Though the Bill and Melinda Gates Foundation has spent $3 billion to fight hunger in poor countries, most of that money has gone to groups based in wealthy countries, a new report finds. Just 10% of the money has gone to African organizations, while more than 80% has headed to the US and Europe, according to findings by Grain, a Barcelona-based research group. "When we examined the foundation’s grants database, we were amazed that they seem to want to fight hunger in the south by giving money to organizations in the north," an agronomist tells the Guardian.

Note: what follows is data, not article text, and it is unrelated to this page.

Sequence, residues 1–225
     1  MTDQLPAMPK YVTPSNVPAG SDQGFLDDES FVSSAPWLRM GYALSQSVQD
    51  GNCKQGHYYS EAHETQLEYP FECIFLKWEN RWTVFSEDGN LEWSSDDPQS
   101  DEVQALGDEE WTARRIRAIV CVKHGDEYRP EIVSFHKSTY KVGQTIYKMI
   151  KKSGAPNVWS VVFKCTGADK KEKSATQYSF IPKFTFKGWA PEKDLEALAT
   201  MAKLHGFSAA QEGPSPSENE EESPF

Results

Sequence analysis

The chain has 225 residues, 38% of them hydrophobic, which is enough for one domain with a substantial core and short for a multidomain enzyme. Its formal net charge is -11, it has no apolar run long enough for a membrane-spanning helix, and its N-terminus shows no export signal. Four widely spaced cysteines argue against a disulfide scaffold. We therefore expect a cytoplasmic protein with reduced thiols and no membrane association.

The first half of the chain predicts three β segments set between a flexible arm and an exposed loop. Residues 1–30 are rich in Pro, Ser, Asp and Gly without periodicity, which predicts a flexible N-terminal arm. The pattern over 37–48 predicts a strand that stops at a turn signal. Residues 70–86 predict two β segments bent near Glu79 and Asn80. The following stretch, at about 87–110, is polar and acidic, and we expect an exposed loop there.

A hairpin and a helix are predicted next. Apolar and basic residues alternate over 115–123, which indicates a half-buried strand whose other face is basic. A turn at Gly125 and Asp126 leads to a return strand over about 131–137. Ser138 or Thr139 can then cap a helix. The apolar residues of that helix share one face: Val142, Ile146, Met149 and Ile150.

What's more, Grain says bluntly, "the Gates Foundation gives to scientists, not farmers." "Centralized labs" focused on "high-tech" food solutions get cash, while the "knowledge and biodiversity" of generations of farmers gets little attention. "Farmers are cast as recipients, mere consumers of knowledge and technology from others," says the agronomist. But a representative for the Gates Foundation defends its decisions, the Guardian notes. "We fundamentally believe that development should be led by developing countries themselves," says the spokesman. And "looking at the primary grantees in our database doesn’t provide a complete picture of where our funds end up and who they benefit." Those grantees often "sub-grant" money to African and South Asian groups.